There are 4 different Mangroves -- so how do you tell them apart?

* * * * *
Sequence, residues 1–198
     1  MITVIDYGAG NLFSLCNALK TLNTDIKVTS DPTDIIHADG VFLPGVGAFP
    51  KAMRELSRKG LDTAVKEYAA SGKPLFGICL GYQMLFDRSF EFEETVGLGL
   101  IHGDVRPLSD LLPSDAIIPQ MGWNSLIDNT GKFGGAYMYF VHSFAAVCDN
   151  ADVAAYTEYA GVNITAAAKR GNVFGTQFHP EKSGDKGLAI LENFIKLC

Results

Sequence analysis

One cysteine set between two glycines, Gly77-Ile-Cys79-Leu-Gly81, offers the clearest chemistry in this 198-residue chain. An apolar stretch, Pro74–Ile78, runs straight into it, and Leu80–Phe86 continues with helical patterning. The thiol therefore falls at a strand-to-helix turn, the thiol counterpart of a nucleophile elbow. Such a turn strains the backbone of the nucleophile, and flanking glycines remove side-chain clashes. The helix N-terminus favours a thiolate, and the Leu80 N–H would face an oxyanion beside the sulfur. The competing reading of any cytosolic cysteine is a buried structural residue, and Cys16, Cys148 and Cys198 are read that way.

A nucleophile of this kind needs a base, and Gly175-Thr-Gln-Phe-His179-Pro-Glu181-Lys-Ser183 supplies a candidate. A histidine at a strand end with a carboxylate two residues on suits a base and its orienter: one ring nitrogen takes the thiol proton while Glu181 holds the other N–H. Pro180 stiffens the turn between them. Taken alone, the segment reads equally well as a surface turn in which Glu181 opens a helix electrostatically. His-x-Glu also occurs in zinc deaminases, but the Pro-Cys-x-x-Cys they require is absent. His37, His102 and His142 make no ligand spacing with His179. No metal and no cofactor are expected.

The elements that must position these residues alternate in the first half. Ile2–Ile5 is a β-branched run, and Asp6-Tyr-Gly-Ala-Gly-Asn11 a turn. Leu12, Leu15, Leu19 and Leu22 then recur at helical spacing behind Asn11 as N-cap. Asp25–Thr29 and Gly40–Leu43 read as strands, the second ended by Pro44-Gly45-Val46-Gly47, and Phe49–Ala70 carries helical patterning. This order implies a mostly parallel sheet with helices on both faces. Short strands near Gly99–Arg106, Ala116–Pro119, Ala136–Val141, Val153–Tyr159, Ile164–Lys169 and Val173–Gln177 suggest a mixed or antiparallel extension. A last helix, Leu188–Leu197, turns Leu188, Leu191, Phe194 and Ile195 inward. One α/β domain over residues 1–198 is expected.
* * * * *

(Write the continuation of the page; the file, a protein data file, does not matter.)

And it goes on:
16 First, the interesting fact that none of the Mangrove group of trees are related to each other. Rather, they are grouped under that name because of their common ecological function of securing shoreline banks. The Red mangrove grows from the shore outward into the shallow waters, and relies on a large aerial root system. The Black mangrove grows at the high tide line, and surrounding its foot are conical pencil-like pneumatophores juttting up out of the sediment and water, which are believed to supply the roots with oxygen. The White mangrove and the Buttonwoods can grow anywhere from the banks into the uplands, and they have very different characteristics. The surest way to tell these trees apart is with the leaf shapes and colors, the flowers, and the fruit. Selby Gardens has an excellent webpage devoted to these differences. To open it in another window, click here.